Humans, as we were evolving, ate primarily foraged fruits and vegetables with meat thrown in when available. This is why most of our teeth are flat. We have canines, but humans in prehistory weren't eating meat 3x a day every day. Our digestive system isn't able to handle as much meat as the SAD contains. We can't even eat raw meat, unlike all natural carnivores. To think that our teeth are able to "efficiently and quickly tear apart meat" is ridiculous. Have you tried eating a raw steak recently?
One of the most common justifications for eating animals that vegans encounter is, “If I wasn’t meant to eat meat, then I wouldn’t have these canine teeth!” It’s a knee-jerk defense that’s often made after a meat-eater has been confronted with information about the routine cruelties of animal farming, or with the fact that humans have no biological need to consume meat, milk or eggs.
But there are several serious problems with the “canine teeth” argument, the most glaring one being the premise that “the presence of canine teeth = meant to eat meat.” In truth, with the exception of rodents, rabbits, and pikas, nearly all mammals have canine teeth. In fact, several herbivores and primary plant-eaters have ferocious canine teeth, and, as you’ll see in the gallery below, the largest canine teeth of any land animal belong to a true herbivore.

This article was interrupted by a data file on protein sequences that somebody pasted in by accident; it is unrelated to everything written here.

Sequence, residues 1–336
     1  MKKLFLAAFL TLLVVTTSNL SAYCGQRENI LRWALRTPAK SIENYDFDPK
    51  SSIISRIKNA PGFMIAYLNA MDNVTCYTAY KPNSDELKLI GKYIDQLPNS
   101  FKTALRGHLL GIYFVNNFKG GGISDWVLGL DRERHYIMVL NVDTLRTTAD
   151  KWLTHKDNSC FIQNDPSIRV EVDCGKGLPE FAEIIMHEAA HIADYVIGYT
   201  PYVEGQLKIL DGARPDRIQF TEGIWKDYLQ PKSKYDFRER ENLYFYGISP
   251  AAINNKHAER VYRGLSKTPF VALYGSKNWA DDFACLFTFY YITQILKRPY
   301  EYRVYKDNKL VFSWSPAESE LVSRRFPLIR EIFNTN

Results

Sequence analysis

Geladas are the only primates who primarily eat grass – grass blades make up to 90% of their diet. The rest consists of flowers, rhizomes, roots, herbs, small plants, fruits, creepers, bushes and thistles. Insects may be eaten, but only rarely. Geladas use their sharp, two-inch canines to attack rivals or potential predators.
Say hello to my little friend: the saber-toothed deer. You read that right — it’s not photoshop, it’s just a tiny deer with giant fangs! Musk deer, as they’re officially known, are herbivores who live in the forested mountains of Southern Asia. They’re around 2 feet tall, weigh between 15 and 37 pounds, and the males’ elongated canine teeth form saber-like tusks which they use in territorial disputes, or when competing for mates. So what kind of food do musk deer tear into with those vicious canines? The menu is a virtual gore fest: leaves, flowers, grasses, mosses and lichens.
Gorillas are almost exclusively herbivorous. Mountain gorillas prefer a diet of foliage — leaves, stems, pith, and shoots — and a small amount of fruit. Lowland gorillas also eat leaves and pith, but they eat more fruits, and, occasionally, tiny ants or termites. Gorillas’ giant canines have nothing to do with eating meat.
Not only do most mammals, including herbivores, have canine teeth; but the largest canine teeth of any land mammal belong to a true herbivore: the hippopotamus. Hippos are extremely territorial and aggressive; their sword-like canines, which can reach a terrifying sixteen inches in length, are used for combat and play no role in feeding. The hippo’s diet consists of grass, on which it grazes at dusk.